The beautiful cover of this book peaked my interest upon first viewing. And then I kept seeing it on BEST OF SUMMER lists. I was lucky enough to get an ARC, and it did not disappoint.
Sarah Gailey has created a universe where some are gifted with magic, and some are not. Ivy is not. Her twin sister is. That's just a first step in the divide between them.
Ivy is now a small-time private detective and finds herself investigating a gnarly murder at the very school for magic where her sister teaches. She feels out of her depth, but perseveres to try to prove to her estranged sister that whether or not she has magic, she can indeed solve this major of a crime.
I was sucked into this world, and I do love a good boarding school novel. This checked a lot of boxes for me: strong female leads, unreliable narrators, magic as normalcy, and a murder in a library!
I recommend this debut book highly, and I truly hope that Gailey has some more magic up her sleeves.
Thank you to NetGalley and Tor Books for the digital ARC, and BookishFirst for the ARC book.
The quirkiest of books. I feel like I spent too much time acclimating to this world to fully enjoy the experience. But once I came to terms with the fact I was fully immersed in an alternate version of 1920s NYC, I let myself enjoy the ride. W.M. Akers is a meticulous wordsmith, and I was intoxicated quite often with his sentences - quite possibly sometimes distracting me from the storytelling.
Gilda is a strong protagonist, a solver of "tiny mysteries," who leads us through her life, and this foreign yet familiar landscape.
I do recommend this novel even though I did have some questions about the world. It's worth a read for Aker's language, and for the character development alone.
Having devoured Rachel McMillan's first book featuring Hamish and Reggie, I was over the moon to get a chance to read an ARC from NetGalley. I devoured this sophomore novel as well.
We return to Boston, and encounter Hamish and Reggie trying to give their detective business a go. I don't want to spoil any plot points, but there are a number of twists and turns that I didn't see coming. I love Hamish's anxiety-ridden character juxtaposed with Reggie's innate strength. McMillan has crafted characters that leap off the page, and stay with you long after you finish reading. These two are a dynamic duo of a kind I haven't encountered before, and they're a pleasure to follow through Boston's cobbled streets.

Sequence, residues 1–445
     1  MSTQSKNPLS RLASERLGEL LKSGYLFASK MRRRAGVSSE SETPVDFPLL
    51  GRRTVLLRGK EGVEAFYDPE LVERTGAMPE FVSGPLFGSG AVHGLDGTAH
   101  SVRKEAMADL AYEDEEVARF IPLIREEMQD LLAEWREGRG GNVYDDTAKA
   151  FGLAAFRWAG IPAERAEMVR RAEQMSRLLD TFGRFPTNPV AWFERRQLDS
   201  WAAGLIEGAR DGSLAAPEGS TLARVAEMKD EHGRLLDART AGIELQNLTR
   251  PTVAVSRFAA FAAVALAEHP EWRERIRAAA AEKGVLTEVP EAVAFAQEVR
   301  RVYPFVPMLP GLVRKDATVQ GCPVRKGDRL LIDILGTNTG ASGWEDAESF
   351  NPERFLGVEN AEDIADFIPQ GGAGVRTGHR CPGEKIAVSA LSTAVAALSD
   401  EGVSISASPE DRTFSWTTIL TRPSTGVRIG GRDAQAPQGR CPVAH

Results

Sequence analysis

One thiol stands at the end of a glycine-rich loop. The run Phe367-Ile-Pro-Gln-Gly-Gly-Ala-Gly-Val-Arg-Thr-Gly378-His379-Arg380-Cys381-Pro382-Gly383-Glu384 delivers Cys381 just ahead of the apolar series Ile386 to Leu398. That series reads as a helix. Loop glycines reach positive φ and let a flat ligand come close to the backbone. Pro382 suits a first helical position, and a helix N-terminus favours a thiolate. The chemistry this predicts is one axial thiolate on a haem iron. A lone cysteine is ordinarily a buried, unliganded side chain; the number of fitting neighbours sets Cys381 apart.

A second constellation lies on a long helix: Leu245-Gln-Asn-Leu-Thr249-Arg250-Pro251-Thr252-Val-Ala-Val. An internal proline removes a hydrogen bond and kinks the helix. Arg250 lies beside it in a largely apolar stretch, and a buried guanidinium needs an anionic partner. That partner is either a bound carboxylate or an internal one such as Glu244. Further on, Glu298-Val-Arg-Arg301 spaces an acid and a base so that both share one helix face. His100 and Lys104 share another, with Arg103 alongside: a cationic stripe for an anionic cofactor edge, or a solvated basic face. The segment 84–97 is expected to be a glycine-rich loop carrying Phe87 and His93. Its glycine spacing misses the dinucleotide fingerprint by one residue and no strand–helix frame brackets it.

I'm drawn in by McMillan's meticulous research of the era; I feel transported to a time and place gone by. I can't recommend this series highly enough. But be sure to start with MURDER AT THE FLAMINGO!
I read a handful of really good reviews about this series, so I decided to pick up the first, HOLLYWOOD HOMICIDE.
I was immediately drawn in by Dayna, and her desperate need to both prove her worth to herself, and provide for her family. I love that we have an African-American woman as our protagonist. A woman that is taking charge, kicking ass and solving crimes.
Kellye Garrett's storytelling is very strong, and her voice is unerring. It's obvious that she herself either is or was immersed in Hollywood life - so many of her characters are pitch-perfect, from Dayna the "retired" commercial actress, to Sienna's desperation to make it (by hilarious means), and the seedy underbelly of Hollywood crime.
This easy read kept me guessing throughout - the best I can ask of a mystery novel.
I will undoubtedly be picking up the sequel... Okay, yes, I already have it on reserve at the library.
I wholeheartedly-on-the-edge-of-my-seat-and-check-a-third-time-that-the-window-is-latched-can't-stop-won't-stop loved this novel.
Having read THE WOMAN IN CABIN 10 and THE DEATH OF MRS WESTAWAY, I am familiar with Ruth Ware's writing, but they both failed to ignite me in the way that this book did. I was with Rowan from the very first page. We know she is in jail for committing a murder, probably a child in her charge as a nanny at Heatherbrae House, but we don't get the full story until literally the last few pages. Quite the slow burn. BUT that doesn't mean that this novel isn't full of creepy moments, the "smart" house is one giant danger zone, and there is a garden that is the thing of nightmares, and dodgy characters, the groundskeeper/handyman, cleaning woman, and neighbor all come to mind.